the Supreme Court of Canada, considering language of the Land Title Act almost identical to that now contained in s. 20, held that an unregistered transfer of land took effect on the day the transfer was executed and not on the day it was registered. More recently, in Chung Estate v. Chan (1995), 4 B.C.LR. (3d) 370 (S.C.) [Chung], affd (1995), 13 B.C.LR. (3d) 157 (C.A.) the court held that if the transferor has properly completed a freehold transfer form, the opening words of s. 20 – “except as against the person making it” – apply such that the form may be registered after the transferor’s death to effect a transfer of the property.

[277] Chung was distinguished in the case of Kovacs v. Tuteckyj (2000), 147 Man. R. (2d) 161,

2000 MBQB 104 [Kovacs]. In Kovacs, the transferor had executed the transfer form and given it to another, but instructed that it not be registered until after he had consulted with his solicitor. The court held that the intention of the transferor at the time he handed over the transfer form was relevant. The court drew the inference from the circumstances that the transferor had not done everything necessary to complete the transfer and, as such, the transfer was not complete.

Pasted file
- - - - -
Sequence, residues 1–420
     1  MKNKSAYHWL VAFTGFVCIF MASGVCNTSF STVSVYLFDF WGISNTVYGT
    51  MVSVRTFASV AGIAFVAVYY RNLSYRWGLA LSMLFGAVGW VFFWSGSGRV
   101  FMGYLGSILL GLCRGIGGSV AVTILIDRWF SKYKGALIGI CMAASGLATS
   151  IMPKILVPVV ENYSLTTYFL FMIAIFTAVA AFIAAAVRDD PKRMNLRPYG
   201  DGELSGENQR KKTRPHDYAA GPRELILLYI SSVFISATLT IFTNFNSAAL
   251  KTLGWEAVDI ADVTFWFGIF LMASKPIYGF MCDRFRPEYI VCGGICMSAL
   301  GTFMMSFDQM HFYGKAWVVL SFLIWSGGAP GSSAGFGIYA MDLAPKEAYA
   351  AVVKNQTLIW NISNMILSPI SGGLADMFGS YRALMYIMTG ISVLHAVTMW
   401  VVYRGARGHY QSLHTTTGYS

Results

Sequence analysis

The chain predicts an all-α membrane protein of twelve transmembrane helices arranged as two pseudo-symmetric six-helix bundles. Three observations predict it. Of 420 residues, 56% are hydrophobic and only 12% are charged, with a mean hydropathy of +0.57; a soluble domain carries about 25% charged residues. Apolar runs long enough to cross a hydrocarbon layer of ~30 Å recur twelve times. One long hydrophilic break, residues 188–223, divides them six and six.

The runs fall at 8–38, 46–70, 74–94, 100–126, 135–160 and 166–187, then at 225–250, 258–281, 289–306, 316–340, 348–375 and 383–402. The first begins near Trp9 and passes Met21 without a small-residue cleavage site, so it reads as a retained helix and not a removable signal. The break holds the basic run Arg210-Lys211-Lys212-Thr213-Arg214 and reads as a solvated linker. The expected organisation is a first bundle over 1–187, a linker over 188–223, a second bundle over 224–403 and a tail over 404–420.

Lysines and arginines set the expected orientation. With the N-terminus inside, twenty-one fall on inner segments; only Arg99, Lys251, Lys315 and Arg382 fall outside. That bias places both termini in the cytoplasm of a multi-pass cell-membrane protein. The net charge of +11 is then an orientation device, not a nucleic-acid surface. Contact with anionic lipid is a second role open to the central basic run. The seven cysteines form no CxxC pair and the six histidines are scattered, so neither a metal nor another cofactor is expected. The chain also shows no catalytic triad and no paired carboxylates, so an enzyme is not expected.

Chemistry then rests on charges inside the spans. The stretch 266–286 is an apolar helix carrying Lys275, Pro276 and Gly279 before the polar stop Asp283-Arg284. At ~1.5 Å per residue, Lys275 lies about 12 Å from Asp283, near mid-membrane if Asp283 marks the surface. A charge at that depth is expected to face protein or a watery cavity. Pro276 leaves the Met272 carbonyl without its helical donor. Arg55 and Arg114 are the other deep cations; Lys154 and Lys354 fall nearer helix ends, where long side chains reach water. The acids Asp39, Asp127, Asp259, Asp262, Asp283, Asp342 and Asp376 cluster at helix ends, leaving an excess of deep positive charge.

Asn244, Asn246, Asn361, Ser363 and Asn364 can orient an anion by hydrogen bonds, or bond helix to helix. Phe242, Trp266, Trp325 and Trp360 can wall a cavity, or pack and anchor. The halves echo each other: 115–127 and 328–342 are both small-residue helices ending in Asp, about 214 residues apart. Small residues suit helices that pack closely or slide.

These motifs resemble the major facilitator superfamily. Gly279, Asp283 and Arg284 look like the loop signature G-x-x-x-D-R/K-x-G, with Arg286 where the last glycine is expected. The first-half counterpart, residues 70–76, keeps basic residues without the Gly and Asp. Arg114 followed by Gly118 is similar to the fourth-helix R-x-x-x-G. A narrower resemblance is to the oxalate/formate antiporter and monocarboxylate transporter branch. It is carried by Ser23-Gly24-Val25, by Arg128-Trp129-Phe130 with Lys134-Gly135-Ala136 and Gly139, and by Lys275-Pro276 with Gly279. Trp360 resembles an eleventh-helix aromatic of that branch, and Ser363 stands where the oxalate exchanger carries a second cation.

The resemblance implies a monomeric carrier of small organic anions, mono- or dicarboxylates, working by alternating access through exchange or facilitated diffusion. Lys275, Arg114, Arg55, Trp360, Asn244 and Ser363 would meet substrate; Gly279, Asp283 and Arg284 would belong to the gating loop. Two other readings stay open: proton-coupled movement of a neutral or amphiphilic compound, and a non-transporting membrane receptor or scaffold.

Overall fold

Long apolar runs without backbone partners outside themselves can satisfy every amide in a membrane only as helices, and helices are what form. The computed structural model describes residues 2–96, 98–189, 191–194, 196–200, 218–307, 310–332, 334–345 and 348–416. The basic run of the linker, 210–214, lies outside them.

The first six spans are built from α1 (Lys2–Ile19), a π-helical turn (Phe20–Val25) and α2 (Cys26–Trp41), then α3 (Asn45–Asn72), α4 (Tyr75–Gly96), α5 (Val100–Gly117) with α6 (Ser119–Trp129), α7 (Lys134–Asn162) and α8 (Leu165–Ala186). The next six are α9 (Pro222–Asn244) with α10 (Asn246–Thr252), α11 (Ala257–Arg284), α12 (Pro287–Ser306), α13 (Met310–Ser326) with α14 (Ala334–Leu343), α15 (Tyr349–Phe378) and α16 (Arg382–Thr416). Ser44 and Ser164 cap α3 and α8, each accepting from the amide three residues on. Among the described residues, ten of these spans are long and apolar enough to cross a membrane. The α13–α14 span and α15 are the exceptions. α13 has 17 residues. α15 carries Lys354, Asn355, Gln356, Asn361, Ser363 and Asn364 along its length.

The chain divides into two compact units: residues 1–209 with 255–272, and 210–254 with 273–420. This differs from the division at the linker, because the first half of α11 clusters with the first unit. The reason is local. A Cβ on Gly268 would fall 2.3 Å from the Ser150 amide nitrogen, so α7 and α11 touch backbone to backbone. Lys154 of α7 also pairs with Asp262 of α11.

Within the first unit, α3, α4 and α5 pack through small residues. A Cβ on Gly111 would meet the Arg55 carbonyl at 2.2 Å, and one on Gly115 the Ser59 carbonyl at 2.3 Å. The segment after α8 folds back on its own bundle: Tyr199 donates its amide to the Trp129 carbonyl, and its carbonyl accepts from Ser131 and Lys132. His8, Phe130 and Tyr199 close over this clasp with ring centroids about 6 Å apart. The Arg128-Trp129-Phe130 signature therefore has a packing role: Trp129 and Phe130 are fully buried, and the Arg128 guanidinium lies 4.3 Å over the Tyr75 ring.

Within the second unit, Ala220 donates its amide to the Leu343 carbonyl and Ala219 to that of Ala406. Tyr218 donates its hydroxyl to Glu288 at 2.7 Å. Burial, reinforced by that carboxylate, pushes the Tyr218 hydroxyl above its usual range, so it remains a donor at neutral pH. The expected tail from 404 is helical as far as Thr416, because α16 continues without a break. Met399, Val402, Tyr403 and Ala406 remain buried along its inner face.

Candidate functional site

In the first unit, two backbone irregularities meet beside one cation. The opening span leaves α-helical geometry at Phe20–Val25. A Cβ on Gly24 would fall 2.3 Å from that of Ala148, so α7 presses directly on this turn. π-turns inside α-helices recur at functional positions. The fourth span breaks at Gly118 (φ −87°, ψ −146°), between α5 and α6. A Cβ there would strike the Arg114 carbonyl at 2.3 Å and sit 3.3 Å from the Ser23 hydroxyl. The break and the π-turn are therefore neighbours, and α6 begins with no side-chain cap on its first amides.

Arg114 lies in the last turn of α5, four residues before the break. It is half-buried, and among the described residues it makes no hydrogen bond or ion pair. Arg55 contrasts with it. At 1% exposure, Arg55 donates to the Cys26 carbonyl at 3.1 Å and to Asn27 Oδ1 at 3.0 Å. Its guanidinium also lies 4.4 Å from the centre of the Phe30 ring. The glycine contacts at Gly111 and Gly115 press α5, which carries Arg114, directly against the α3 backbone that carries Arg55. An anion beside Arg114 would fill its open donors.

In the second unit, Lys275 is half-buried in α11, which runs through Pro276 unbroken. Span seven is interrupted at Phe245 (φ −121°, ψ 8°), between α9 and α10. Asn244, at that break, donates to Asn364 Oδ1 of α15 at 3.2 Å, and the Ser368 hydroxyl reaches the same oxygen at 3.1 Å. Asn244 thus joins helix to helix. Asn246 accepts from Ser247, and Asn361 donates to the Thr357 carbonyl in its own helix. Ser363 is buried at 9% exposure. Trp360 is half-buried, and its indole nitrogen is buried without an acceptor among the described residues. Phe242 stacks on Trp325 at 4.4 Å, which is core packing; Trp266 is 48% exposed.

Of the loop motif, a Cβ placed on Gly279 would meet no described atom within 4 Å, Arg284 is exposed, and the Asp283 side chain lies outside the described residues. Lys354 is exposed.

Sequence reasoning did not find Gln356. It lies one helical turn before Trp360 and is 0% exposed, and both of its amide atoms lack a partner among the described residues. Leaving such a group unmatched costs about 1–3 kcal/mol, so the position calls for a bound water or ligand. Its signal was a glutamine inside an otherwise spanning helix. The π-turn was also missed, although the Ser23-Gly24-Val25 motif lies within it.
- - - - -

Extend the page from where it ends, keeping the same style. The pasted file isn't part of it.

[278] As the foregoing case law indicates, the intention of the transferor is crucial. If the transferor intends to transfer the property, the transfer will be complete when the transferor has relinquished control of the property and put the transferee in a position to complete the transfer. The importance of control was discussed in Re Evans, Royal Trust Co. v. Lloyd’s Bank Ltd. (1956), 7 D.L.R. (2d) 445 (B.C.S.C.) [Re Evans]. The Court, citing Austin W. Scott, The Law of Trusts, 1st ed. (Boston: Little, Brown and Company, 1939) at 225 [Scott] said the following:

A conveyance, whether absolute or in trust, is ineffective if the transferor does not